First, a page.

The Bright Side of Falling Off the Fiscal Cliff

Forget all the hysteria on TV -- going over the cliff would only bring on a brief, mild recession before the country returned to growth. In the meantime, it could set us up for a brighter economic future.

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(Reuters)

As 2012 sputters to a close, it wraps up with a yawning gap between widespread economic pessimism and the actual state of economic affairs.

Though consumer sentiment rebounded in the fall, it fell in December, amid relentless coverage of the impending fiscal cliff. Holiday spending was muted. Businesses, meanwhile, cite the unresolved negotiations in Washington as evidence of continued uncertainty and many have put new spending, hiring, or investment on hold. The media counts the days (and on some cable news channels, the minutes and the seconds) till we descend the fiscal cliff, adding to the general agitation.

Yet, every indicator of American economic activity has been strengthening. Stocks are up between 8 percent and 14 percent in 2012, depending on the index. Gross domestic product is increasing more than 2 percent a year; unemployment has fallen below 8 percent; wages are steady even as inflation is close to non-existent. Energy prices have declined, and home prices have increased. Debt burdens for American households are now at the lowest level in 29 years, giving the vast majority of consumers more flexibility in their spending.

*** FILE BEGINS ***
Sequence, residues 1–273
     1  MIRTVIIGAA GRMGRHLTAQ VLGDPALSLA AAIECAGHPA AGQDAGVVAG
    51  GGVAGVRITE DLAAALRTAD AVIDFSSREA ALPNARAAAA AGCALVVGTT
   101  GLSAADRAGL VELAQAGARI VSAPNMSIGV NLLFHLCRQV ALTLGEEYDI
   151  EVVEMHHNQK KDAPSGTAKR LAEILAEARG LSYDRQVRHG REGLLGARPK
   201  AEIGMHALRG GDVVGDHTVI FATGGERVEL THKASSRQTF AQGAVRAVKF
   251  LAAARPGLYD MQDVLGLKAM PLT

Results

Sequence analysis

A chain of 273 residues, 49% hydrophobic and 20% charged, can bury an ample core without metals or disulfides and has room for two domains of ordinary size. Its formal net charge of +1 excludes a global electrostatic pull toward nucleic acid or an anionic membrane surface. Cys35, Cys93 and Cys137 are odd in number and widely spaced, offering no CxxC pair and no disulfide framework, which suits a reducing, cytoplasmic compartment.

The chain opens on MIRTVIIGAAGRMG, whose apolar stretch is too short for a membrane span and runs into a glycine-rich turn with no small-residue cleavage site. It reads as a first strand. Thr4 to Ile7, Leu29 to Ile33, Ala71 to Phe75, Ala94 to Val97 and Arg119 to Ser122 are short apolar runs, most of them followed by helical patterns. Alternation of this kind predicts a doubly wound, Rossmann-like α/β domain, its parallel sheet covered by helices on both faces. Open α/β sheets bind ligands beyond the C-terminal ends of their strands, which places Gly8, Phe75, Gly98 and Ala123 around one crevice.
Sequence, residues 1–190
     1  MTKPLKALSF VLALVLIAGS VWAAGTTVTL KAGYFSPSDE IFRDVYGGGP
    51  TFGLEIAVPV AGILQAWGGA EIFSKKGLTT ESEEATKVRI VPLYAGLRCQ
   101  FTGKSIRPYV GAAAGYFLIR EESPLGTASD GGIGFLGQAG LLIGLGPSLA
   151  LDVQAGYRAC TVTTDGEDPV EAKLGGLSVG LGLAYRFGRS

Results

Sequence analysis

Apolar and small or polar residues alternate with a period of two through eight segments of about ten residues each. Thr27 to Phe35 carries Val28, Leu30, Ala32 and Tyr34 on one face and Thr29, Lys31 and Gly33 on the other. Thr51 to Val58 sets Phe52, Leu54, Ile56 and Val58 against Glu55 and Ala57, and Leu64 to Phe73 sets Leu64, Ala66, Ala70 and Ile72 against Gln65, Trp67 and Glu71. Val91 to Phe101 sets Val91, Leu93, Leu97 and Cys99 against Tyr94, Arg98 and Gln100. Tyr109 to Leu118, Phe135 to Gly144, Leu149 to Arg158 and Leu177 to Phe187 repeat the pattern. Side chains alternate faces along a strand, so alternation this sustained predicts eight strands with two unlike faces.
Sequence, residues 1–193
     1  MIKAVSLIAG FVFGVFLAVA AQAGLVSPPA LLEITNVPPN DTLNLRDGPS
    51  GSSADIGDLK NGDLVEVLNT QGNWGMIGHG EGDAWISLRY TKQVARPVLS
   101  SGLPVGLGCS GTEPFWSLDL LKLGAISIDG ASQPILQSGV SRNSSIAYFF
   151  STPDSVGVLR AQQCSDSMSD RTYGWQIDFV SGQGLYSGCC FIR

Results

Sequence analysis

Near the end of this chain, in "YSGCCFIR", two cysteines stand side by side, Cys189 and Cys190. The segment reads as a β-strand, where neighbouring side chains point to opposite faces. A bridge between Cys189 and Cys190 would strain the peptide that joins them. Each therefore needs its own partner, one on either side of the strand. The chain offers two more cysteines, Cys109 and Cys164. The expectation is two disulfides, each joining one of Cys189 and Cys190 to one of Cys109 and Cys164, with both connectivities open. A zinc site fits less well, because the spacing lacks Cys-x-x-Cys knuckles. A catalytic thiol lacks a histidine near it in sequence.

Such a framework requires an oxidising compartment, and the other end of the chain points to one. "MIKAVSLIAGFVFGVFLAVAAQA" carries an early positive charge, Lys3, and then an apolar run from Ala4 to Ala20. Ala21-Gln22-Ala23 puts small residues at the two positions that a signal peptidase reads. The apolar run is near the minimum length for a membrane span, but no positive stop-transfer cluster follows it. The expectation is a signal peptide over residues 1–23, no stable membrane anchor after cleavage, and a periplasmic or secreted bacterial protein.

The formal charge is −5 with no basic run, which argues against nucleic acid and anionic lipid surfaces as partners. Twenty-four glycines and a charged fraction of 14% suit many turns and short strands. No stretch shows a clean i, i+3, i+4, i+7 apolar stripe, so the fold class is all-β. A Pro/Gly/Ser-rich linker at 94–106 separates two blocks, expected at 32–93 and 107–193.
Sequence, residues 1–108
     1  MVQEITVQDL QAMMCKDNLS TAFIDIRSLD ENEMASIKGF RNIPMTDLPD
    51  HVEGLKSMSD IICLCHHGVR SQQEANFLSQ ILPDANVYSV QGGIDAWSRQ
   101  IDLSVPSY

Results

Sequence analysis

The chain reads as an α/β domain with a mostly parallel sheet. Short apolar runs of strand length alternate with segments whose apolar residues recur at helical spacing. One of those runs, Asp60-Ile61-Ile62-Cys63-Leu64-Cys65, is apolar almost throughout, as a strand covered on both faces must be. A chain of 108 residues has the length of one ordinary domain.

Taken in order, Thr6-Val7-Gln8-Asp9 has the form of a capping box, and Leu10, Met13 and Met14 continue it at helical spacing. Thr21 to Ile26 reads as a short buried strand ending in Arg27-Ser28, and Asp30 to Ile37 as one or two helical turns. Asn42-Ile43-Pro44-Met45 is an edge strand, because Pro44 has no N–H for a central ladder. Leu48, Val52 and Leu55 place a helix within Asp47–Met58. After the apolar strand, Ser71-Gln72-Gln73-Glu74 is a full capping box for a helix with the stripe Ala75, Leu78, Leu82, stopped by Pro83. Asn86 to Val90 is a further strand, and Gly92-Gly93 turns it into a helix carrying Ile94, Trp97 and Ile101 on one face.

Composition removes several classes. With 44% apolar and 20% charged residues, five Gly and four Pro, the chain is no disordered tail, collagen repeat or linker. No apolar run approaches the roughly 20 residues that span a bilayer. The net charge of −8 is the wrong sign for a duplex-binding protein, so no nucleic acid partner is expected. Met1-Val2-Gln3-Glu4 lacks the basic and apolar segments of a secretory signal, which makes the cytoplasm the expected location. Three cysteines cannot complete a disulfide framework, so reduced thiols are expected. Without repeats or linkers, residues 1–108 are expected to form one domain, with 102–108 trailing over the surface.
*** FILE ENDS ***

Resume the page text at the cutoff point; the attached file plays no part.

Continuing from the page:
None of this, however, is evident if you listen to rhetoric in Washington, commentary on Wall Street and buzz in the news. Prognostications instead have us going off the fiscal cliff (completely or at best partly) and then, according to the Congressional Budget Office, descending into recession, higher unemployment and assorted other problems.

Something has to give. Either the powerful trends of forward movement will be dashed to bits at the bottom of the fiscal cliff or the consequences of that plunge will be far less dramatic than feared. You can make a case for either -- but most are making the case for the negative.

That may come to pass, but it's less likely than supposed.

First, even the CBO isn't making an unequivocally negative case. If the government does nothing for the entirety of 2013 to offset the tax hikes and spending cuts mandated as of January 1, the CBO forecasts a recession of more than 1 percent in the first half of 2013 -- but then 2 percent economic growth in the second half, accelerating even more in 2014. Over a decade, these measures will likely reduce deficits by as much as $10 trillion. We are so focused on the short-term pain of this cliff that we haven't taken sufficient measure of the long-term benefits.

No, the indiscriminate cuts are not the best way to balance the budget. Unemployment benefits are not extended. So the tens of millions of people already stretched to the edge will see moderate tax increases. Needed government programs will also be trimmed.